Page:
Even if you can sell snow to the Eskimos, your snowball business won’t be lucrative until you can find a lot of Eskimos to sell to. Convincing someone to trust you with their business, money, or vital needs is a tall order. Never leave this to chance, and don’t depend on growing your base randomly or organically. Instead– keep this checklist in mind when growing your client base:
Know your industry inside and out
Read websites and periodicals that dedicates its content to your type of business. Attend industry functions and join industry organizations. These strategies will help you get to know who the industry players are, as well as other professionals who can give you advice, help you with strategy, and get you to the next level.
Be an expert on your product or service
Reduce the possibility of having to shrug and say “I don’t know” to a client (if that’s the case, though, tell them that you will find out as soon as possible and get right back to them).
Read up on every aspect of your product or service, ask questions of experts, strive to get an answer to every question that suddenly occurs to you, find out if there is information that you still don’t know (even when you think you’ve learned and heard everything). This will make you a go-to expert among existing clients, and they’ll recommend you to potential clients.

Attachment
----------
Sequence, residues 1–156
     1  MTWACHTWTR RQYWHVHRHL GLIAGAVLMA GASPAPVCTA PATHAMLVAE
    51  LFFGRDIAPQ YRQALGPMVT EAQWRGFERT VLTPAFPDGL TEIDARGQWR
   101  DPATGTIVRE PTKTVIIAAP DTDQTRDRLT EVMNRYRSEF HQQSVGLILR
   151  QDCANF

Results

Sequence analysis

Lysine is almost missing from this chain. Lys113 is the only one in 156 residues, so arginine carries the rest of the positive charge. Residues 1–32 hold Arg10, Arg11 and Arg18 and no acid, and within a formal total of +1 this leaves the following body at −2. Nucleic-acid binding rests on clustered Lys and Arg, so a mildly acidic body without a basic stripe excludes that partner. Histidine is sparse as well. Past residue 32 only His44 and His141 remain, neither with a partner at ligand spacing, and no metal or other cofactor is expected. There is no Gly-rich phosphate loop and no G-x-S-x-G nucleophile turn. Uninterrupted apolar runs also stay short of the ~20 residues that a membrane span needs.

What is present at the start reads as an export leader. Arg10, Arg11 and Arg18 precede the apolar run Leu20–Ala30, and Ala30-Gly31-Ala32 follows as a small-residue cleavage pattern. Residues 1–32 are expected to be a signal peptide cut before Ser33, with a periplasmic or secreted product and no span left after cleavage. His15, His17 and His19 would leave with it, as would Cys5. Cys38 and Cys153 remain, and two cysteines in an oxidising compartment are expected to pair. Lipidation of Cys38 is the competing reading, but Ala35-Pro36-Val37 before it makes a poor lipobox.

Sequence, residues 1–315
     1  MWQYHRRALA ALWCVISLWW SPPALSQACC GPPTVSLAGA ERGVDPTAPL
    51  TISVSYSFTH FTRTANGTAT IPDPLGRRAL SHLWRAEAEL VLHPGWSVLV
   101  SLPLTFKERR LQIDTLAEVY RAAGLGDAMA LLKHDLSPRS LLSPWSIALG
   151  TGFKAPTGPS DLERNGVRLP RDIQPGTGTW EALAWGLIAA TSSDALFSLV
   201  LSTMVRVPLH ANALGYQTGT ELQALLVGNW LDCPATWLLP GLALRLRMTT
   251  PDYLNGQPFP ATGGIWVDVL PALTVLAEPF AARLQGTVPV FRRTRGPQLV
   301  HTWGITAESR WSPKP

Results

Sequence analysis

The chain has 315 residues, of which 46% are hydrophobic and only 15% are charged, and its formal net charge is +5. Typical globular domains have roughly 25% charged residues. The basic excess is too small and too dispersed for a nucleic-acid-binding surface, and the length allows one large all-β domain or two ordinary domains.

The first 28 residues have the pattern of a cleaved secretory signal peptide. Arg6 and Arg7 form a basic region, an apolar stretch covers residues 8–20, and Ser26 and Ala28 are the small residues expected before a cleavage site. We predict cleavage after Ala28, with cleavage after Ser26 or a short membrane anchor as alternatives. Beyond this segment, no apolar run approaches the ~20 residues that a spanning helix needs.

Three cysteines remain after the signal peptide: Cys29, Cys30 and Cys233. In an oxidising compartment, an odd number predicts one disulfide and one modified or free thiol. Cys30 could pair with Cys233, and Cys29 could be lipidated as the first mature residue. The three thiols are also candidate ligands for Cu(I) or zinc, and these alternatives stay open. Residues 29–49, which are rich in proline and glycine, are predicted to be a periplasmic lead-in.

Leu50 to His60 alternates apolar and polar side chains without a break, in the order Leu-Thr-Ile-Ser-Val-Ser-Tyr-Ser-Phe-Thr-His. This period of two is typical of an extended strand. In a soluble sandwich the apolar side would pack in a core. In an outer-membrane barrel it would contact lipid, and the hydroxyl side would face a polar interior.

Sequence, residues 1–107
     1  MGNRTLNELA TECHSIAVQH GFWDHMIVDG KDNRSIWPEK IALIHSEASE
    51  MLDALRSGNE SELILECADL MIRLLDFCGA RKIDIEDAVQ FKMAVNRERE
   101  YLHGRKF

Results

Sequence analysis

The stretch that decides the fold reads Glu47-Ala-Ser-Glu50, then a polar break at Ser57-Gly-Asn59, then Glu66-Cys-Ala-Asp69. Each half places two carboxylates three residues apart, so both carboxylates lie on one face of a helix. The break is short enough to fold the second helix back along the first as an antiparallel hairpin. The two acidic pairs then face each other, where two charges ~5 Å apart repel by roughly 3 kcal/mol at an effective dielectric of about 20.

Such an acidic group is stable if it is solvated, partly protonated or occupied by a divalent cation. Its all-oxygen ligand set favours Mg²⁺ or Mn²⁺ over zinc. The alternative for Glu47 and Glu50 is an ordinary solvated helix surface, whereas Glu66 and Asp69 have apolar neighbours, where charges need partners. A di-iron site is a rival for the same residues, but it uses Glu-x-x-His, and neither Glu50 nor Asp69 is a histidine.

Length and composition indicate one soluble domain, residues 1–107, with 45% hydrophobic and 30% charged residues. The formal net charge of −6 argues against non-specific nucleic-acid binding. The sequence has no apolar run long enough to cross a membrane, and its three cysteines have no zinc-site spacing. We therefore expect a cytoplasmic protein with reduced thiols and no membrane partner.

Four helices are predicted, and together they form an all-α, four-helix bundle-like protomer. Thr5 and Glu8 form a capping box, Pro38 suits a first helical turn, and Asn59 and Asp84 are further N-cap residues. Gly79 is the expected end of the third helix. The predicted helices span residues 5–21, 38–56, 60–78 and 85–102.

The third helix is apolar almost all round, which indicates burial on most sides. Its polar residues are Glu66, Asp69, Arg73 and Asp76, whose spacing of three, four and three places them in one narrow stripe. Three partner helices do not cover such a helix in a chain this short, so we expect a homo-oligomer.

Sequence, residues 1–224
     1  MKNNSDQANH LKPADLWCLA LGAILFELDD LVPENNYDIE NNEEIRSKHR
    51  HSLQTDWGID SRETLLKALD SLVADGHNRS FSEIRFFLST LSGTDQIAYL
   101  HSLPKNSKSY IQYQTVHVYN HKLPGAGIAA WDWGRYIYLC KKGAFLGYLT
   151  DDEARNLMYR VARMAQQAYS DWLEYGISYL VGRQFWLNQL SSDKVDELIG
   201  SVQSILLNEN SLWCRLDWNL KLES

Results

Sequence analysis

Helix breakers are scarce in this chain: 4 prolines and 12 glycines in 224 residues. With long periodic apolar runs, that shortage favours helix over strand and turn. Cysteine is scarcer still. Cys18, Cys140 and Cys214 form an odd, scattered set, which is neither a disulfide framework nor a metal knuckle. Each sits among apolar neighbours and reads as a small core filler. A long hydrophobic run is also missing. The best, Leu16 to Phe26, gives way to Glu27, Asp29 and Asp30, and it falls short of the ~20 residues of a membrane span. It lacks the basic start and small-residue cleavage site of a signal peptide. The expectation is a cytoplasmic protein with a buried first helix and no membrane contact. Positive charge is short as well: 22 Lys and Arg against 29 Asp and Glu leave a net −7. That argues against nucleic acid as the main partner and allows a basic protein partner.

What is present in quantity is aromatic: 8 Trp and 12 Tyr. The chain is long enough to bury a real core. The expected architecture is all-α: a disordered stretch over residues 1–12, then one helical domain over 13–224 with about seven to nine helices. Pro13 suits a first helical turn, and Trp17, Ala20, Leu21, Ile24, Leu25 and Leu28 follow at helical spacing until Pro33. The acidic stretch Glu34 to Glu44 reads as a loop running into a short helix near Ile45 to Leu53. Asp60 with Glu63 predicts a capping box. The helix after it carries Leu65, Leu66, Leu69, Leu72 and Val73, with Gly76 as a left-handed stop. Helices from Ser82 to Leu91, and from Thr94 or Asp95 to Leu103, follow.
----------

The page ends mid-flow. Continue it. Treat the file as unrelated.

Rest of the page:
Define who your clients should be
Having a large database of leads and potential clients does not necessarily lead to a large client list. Find out who will most benefit from what you have to offer, and grow that list with that type of client in mind. Your client base will still grow, but it will be well defined and those potential clients will be most receptive to you.
Get to know each client
Becoming friends with every one of your clients may be impossible and impractical, but if you become aware of your clients’ needs and priorities, they will appreciate you more and recommend you to others. Keep a list of bullet points or short notes for every client you have, and be sure to address any needs, problems or priorities that must be addressed.
Make a good first impression
You’ve heard the old adage: you never get a second chance to make a first impression. That always applies when meeting potential clients. Be well-groomed, smile, and be genuinely concerned about their priorities and needs. Be sure, above all, to listen, and to offer solutions.
Offer your existing clients a referral program that may include discounts or other benefits as a result of a referral that turns into a client.
Ask for feedback
It’s not always easy to accept criticism, but asking for feedback — both positive and negative — from clients will not only show them that you’re striving to be the best at what you do, but the feedback should actually help you get to that next level.
Treat your clients like people
Clients can often sense when you have dollar signs in your eyes when you look at them. Strive to think of them as people first, and businesses second. Ultimately, people like to do business with people they like.
Remember that finding new clients is not exactly the same thing as finding new friends. Business clients want or need something from you, and are looking for you to find them solutions. However, one trait that both clients and friends need you to have: trustworthiness. If a client trusts you — and knows that you’re genuinely concerned about their success and are determined to make it happen — then they will recommend you as if you were a good friend.
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